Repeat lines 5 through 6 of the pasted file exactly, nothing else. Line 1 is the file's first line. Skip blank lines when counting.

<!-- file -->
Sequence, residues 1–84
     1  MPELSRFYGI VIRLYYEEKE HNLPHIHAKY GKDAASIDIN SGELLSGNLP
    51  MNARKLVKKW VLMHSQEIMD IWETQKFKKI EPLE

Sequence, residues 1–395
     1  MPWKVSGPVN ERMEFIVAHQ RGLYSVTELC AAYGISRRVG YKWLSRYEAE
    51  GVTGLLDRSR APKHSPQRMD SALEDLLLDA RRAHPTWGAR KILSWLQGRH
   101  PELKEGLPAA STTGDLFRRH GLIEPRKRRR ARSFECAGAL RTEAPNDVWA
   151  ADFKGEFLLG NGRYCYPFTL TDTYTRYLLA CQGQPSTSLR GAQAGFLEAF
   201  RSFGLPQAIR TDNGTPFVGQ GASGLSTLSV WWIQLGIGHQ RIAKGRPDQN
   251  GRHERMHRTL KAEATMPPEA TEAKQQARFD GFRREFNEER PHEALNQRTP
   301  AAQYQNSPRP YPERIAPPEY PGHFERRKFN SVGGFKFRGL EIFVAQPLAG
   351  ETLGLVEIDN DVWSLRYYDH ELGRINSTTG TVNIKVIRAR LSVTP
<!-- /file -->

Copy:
     1  MPWKVSGPVN ERMEFIVAHQ RGLYSVTELC AAYGISRRVG YKWLSRYEAE
    51  GVTGLLDRSR APKHSPQRMD SALEDLLLDA RRAHPTWGAR KILSWLQGRH